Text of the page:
So, how does the traditional process of buying a home jive with this technologically savvy generation that is used to relying on data derived from computers? More importantly, how do you know when you're ready to buy, and how do you know what to buy? There's no right or wrong way to answer any of these questions, and how you move toward homeownership is based on a variety of factors, both deeply personal and connected to the real estate industry overall.

     Here are five important things to consider and questions this generation can ask themselves to figure it out:

    • Money matters.
    • How long you plan to live there.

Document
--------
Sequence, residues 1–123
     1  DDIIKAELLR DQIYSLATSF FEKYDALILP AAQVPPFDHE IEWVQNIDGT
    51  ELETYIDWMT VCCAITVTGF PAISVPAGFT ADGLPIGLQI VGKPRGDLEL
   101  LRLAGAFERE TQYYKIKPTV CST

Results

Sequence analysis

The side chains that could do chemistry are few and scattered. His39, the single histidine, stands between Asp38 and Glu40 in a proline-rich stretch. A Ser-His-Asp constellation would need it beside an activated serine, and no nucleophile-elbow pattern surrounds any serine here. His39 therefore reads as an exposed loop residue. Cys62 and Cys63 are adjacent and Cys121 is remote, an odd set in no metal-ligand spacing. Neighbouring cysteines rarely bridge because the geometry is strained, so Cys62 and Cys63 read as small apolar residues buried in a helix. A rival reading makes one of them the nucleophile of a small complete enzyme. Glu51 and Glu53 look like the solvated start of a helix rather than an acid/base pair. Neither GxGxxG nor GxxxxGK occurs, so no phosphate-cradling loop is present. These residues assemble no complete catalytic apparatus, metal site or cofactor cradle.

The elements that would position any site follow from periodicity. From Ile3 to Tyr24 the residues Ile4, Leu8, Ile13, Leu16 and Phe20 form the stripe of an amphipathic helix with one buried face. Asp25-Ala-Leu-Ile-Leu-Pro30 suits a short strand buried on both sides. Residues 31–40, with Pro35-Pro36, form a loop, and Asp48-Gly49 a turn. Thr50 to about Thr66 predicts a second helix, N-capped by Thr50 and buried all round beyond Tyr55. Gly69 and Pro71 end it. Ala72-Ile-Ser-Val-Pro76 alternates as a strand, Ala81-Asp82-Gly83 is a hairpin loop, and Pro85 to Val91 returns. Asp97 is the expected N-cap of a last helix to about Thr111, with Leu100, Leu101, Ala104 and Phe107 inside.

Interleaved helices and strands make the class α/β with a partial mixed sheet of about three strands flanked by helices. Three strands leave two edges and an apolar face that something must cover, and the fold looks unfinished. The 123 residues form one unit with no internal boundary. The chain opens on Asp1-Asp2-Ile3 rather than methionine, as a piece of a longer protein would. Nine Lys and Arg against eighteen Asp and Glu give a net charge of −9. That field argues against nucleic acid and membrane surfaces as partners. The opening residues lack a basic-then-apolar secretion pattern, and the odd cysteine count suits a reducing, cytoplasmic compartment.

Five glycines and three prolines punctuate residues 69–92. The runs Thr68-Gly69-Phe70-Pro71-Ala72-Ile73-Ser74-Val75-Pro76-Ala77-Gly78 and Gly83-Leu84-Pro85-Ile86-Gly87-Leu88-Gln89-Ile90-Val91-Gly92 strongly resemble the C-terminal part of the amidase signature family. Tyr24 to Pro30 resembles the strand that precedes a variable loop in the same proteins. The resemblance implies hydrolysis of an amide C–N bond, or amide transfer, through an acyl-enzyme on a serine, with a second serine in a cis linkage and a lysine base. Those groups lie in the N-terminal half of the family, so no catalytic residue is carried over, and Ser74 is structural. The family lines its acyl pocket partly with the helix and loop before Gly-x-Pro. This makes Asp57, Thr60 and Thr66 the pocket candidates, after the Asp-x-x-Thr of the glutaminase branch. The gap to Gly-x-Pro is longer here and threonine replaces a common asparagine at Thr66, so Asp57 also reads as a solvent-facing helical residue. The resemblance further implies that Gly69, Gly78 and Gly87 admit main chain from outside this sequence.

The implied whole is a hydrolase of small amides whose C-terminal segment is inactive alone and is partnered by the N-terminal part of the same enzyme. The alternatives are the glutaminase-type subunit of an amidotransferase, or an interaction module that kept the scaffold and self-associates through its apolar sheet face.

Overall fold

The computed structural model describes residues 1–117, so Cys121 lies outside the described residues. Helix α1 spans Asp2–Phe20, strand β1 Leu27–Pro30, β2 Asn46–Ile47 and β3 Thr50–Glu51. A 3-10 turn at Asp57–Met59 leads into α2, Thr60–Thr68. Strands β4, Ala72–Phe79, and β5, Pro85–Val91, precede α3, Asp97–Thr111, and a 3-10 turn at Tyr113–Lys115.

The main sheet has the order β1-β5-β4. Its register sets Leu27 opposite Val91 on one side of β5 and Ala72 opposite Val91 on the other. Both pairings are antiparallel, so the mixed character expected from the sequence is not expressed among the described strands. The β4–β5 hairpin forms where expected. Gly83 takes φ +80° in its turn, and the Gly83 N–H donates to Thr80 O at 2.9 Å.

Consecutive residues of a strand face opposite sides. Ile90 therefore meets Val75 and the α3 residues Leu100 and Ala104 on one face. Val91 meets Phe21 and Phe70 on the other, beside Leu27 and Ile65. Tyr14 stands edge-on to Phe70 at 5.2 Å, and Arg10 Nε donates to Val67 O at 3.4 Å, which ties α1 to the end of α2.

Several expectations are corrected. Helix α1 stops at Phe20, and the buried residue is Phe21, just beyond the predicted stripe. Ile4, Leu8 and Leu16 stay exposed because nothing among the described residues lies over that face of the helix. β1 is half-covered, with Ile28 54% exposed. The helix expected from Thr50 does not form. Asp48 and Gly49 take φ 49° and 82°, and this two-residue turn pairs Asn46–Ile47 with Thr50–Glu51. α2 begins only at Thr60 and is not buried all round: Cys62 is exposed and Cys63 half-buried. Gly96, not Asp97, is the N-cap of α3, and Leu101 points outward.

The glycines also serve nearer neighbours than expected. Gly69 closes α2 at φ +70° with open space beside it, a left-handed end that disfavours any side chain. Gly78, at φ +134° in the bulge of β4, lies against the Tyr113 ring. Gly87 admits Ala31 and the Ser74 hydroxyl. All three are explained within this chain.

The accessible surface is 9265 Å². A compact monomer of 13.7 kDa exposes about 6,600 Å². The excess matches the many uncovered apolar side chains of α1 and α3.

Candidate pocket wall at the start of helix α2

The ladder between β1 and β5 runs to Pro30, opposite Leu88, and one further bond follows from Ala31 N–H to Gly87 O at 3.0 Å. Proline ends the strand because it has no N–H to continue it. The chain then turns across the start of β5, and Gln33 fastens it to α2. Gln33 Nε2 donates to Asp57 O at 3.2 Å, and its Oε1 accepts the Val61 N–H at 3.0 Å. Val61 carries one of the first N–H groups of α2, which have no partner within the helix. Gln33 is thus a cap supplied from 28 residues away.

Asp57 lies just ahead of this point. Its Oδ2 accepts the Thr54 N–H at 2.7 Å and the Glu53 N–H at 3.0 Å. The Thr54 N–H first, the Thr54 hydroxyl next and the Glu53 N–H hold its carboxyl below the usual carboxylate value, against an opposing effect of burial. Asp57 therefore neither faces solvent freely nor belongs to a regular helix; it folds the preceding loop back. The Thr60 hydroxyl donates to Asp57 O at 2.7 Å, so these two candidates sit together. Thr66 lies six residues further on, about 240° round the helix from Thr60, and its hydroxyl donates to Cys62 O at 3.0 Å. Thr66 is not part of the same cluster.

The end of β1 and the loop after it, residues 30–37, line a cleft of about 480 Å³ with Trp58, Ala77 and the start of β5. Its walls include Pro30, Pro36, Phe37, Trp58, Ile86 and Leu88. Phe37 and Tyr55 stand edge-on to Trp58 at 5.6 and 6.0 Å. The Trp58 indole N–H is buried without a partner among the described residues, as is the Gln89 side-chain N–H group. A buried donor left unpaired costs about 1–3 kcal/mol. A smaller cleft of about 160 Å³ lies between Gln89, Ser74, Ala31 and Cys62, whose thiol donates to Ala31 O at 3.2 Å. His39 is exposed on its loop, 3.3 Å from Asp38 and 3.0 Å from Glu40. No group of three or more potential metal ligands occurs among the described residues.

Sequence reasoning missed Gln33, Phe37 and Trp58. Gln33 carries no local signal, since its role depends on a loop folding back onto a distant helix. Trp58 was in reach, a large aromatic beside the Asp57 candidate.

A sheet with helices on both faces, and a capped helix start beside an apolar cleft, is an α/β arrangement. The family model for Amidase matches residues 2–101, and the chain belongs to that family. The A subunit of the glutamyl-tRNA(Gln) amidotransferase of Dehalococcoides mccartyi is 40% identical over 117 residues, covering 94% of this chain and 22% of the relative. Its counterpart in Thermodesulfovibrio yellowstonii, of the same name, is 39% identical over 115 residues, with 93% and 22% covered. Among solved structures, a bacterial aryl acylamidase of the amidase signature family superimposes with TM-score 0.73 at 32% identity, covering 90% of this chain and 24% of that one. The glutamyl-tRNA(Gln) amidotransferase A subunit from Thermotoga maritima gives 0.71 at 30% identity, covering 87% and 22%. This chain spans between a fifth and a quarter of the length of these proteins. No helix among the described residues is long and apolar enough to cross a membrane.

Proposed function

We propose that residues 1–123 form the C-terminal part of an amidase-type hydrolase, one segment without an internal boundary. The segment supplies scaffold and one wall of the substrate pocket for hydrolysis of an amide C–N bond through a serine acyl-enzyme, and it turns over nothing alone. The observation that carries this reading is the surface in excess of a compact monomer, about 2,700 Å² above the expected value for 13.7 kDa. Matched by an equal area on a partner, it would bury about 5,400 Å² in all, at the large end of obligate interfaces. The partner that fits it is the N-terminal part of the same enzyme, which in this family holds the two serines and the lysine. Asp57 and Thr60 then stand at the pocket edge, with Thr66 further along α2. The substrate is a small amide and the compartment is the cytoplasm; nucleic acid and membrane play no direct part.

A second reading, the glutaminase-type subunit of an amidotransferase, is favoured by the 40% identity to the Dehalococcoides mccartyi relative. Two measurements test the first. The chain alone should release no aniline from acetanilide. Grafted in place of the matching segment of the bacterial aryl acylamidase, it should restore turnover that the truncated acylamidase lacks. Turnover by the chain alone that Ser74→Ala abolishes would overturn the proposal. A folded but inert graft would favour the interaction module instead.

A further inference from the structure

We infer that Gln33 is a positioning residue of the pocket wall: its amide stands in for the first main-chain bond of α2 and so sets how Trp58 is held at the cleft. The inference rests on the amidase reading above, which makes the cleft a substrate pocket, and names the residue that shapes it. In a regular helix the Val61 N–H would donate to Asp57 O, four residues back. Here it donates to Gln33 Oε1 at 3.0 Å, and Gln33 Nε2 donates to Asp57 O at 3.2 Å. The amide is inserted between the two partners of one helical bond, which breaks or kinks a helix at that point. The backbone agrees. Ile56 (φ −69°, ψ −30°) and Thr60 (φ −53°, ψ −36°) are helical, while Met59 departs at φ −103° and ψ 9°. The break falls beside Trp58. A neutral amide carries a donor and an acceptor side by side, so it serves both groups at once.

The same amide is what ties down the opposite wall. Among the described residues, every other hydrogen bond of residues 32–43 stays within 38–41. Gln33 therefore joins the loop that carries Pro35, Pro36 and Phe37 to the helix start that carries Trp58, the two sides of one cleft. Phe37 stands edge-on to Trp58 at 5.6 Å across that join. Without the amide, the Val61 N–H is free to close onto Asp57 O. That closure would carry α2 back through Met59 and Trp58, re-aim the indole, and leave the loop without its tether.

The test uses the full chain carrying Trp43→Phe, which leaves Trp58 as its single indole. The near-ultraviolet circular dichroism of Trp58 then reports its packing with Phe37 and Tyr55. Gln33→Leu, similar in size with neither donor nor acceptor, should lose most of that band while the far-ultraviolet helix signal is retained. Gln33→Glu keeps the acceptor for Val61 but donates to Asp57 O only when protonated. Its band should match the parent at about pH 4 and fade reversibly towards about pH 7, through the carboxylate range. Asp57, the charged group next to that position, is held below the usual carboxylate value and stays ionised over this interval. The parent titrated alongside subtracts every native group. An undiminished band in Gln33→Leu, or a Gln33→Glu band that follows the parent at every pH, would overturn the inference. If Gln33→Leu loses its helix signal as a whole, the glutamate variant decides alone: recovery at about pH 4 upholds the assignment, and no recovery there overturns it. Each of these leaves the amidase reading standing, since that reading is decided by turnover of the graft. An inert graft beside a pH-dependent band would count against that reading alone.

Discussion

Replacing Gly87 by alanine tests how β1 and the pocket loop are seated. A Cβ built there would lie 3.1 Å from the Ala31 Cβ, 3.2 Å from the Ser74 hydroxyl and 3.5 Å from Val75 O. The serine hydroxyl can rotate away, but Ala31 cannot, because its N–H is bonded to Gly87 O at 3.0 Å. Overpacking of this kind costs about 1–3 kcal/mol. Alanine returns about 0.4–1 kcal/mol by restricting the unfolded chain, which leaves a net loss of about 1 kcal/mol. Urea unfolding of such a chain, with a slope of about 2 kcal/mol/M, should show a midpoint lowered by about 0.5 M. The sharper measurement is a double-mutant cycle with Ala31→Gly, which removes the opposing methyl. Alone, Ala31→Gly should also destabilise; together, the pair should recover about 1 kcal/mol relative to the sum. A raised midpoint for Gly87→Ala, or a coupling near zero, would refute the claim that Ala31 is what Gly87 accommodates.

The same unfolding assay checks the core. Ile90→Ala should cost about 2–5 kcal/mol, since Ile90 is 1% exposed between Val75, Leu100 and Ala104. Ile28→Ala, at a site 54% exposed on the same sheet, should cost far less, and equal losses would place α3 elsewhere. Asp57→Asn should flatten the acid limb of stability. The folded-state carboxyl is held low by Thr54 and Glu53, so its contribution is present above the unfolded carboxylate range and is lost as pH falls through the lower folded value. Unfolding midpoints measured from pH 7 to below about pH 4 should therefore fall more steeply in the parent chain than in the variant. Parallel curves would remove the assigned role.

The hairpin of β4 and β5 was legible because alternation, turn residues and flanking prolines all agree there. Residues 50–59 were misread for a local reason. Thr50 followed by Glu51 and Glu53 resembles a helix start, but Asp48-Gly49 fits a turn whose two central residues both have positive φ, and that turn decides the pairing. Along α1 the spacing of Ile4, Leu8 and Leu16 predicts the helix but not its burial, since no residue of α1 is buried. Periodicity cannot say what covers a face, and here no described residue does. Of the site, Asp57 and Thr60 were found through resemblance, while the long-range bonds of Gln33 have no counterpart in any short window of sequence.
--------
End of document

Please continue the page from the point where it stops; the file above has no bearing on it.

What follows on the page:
• Timing.
    • The online marketplace.
    • Expert advice.

    Money Matters

    Do you need a mortgage, and how much are you able to put toward a down payment? Discuss your financial wherewithal with a mortgage banker, mortgage broker or financial advisor who can give you feedback on your individual financial situation. Review monthly home expenses, including property taxes with mortgage payments, compared to the option of renting. The monthly outlay may not be much different from renting, but consider whether you will see appreciation in property you own over time. In comparison, rent typically increases over time, unless you live in a rent-controlled building.

    How Long You Plan to Live There

    Most homebuyers should purchase with a minimum five-year window in mind. It's unlikely that you will make a profit selling after just a year or two, and flipping a house requires experience and skill.